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timbo_heff

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About timbo_heff

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    Advanced Member

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  • Location
    MA / NY
  • Interests
    Wood Firing
    Kiln Building
    Photography

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  1. You can supplement best practice of minimal dust with wet wiping with an air filter. This is a good HEPA rated one: it is small but affordable. If you are being good about not creating tons of dust this would be helpful in cleaning the micro particles out of the air. There are large filters for big spaces but for a small home studio these are great: Austin Air HealthMate | Hepa Filter Air Purifier | Sheffield Pottery (sheffield-pottery.com)
  2. I like the Olympic Electrositter. Pop off the Kiln sitter: put this where the kiln sitter was, connect a couple wires: pretty easy! By default it comes with the capable Bartlett 3 key controller but for small money you can select the 12 key version: much friendlier or even the newest Bartlett Touch wifi enabled controller: Electro Sitter | Kiln Controller | Sheffield Pottery (sheffield-pottery.com)
  3. Wow. that is rough! I agree with Neil et al: not worth the trouble and expense: if you want a small kiln for hobby pottery at home you can get a nice, brand new little Evenheat that will be fun and satisfying for about the same money as fixing that one: Thinking of something like the Evenheat RMII 1413 : nice kiln: small money, no fuss! Evenheat RM II 1413 Cone 8 Kiln | Sheffield Pottery Kilns (sheffield-pottery.com)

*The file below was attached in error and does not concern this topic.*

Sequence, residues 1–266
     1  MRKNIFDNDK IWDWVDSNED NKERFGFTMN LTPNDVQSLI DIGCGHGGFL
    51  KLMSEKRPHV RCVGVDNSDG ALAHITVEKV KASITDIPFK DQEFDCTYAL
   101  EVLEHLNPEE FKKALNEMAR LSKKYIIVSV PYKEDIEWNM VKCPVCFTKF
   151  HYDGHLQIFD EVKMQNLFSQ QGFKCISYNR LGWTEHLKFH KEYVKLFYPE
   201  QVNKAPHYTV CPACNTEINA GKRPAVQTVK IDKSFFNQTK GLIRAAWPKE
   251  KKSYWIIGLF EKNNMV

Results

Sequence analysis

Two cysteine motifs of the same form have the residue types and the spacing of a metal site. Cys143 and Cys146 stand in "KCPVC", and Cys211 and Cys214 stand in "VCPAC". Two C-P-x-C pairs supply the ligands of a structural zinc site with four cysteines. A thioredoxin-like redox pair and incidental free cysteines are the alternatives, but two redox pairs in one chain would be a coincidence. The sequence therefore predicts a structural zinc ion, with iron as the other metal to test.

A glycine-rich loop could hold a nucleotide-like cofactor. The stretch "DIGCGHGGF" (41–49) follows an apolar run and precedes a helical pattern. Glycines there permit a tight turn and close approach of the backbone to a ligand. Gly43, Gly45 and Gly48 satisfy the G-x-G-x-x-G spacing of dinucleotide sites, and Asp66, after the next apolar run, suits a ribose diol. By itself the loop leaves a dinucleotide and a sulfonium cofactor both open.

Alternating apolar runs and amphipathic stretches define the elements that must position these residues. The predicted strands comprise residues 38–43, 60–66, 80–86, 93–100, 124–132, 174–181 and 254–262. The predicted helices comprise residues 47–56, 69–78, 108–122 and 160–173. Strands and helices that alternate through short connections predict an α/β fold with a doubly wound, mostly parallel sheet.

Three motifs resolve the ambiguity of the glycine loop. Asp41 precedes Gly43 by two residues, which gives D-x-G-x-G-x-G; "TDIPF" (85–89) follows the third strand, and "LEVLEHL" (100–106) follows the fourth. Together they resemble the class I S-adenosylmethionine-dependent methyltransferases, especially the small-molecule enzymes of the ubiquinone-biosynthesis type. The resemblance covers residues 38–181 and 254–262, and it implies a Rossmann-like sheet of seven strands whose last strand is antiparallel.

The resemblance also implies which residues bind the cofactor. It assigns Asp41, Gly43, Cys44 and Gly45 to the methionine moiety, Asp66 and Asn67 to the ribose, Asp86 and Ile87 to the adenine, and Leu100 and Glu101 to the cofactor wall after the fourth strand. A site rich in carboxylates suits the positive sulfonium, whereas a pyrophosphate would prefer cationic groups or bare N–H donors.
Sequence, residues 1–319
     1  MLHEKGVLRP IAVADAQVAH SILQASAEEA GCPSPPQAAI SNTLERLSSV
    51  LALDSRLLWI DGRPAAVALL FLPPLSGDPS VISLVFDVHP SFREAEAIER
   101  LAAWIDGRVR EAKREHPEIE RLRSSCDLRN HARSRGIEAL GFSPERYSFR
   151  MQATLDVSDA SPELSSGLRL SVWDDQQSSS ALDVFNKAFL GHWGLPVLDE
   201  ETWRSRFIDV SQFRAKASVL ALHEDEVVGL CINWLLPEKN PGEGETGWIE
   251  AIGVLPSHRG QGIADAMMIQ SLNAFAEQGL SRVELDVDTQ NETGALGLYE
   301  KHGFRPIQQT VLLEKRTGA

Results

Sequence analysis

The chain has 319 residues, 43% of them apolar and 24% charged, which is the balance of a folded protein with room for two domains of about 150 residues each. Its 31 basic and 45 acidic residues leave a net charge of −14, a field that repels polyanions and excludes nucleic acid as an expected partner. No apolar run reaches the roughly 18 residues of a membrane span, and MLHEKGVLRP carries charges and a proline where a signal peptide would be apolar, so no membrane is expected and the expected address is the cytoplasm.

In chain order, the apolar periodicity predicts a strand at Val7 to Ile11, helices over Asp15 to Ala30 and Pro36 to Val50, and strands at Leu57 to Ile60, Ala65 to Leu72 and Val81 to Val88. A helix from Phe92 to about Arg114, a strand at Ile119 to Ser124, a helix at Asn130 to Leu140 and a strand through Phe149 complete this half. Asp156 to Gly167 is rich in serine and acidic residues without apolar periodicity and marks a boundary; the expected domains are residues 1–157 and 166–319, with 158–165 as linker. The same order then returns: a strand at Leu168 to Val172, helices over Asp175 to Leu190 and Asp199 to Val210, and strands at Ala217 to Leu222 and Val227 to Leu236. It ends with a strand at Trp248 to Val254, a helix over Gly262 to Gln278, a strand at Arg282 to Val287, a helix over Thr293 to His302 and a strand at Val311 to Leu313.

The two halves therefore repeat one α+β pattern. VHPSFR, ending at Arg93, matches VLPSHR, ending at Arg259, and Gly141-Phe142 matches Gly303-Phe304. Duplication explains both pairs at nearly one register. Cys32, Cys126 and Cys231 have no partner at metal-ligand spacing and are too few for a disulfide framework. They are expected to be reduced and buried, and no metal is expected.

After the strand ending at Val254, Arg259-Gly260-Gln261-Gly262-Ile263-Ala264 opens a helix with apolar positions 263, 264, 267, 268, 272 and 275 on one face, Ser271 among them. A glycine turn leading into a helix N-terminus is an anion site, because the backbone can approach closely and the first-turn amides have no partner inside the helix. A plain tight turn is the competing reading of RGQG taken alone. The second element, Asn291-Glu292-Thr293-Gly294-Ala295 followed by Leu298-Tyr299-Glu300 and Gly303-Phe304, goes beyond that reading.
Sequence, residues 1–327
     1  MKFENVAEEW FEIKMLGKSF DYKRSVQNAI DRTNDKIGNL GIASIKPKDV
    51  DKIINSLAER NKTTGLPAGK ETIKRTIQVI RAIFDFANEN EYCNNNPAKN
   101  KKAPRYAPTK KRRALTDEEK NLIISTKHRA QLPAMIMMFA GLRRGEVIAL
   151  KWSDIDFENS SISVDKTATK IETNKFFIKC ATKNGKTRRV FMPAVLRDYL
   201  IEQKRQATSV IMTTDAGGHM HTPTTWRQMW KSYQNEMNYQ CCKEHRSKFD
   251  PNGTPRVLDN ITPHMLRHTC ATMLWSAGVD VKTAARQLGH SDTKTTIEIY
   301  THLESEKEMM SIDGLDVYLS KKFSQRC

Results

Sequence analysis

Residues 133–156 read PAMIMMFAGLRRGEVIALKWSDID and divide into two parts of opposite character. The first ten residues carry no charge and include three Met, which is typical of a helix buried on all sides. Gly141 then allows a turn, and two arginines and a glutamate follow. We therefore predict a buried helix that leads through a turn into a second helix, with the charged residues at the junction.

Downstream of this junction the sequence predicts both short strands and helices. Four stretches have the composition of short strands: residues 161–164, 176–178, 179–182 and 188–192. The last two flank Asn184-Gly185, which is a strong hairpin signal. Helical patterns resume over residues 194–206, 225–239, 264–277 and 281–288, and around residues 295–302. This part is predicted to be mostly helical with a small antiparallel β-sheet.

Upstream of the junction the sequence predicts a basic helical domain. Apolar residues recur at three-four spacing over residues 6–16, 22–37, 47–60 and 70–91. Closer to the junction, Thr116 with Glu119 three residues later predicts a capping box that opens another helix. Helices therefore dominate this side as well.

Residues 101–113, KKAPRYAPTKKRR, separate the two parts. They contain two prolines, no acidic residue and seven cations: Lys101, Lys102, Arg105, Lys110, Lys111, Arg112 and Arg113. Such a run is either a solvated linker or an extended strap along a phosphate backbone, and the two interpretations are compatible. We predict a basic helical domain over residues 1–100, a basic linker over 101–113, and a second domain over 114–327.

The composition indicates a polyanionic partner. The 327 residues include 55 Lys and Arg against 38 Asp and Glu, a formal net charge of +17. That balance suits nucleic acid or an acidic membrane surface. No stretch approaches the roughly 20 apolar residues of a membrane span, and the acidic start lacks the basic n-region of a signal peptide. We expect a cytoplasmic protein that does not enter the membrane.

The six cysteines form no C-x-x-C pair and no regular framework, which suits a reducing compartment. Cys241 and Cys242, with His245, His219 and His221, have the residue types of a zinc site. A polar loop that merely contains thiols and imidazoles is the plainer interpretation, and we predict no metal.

4. I always worry about people outgrowing the 18" height being that 16" is about the tallest pot they can fit. I am not a great thrower but as I get better I can see being able to throw taller than that. So with potters who are not just making tiles, plates, and platters I find that 22.5" is the perfect compromise! I think Olympic had this height first, then Skutt . It's smart that Cone Art, and L&L Kilns have followed suit. So many great options now for people! A really brilliant one is the square Cone Art 2322DSQ: has the 22.5" height but since it is 23" square it is still a full 7 cub
  5. The new L&L M size is great for us shorter folks: They are 22.5" as Neil mentioned. I am about 5'5" with shoes on and I struggle to reach the bottom of a regular 3 ring 27" kiln such as e23T or 28T. The 2 ring size worries me as you don't want something you will out grow if you start making taller work. The 2 and 1/2 ring "M" size is MUCH easier to load without really sacrificing much space and still fits pretty tall pots! L&L E23M-3 Easy-Fire Kiln Package | Sheffield Pottery Kilns (sheffield-pottery.com)
  6. That's great advice ! Also stacking tall and loose down low and small and tighter up high is good for evenness in these like it is for single zone electric kilns. They are really cool and versatile kilns once you get to know them... would love to have one myself one day! Olympic Gas Raku and TorchBearer Kilns (sheffield-pottery.com)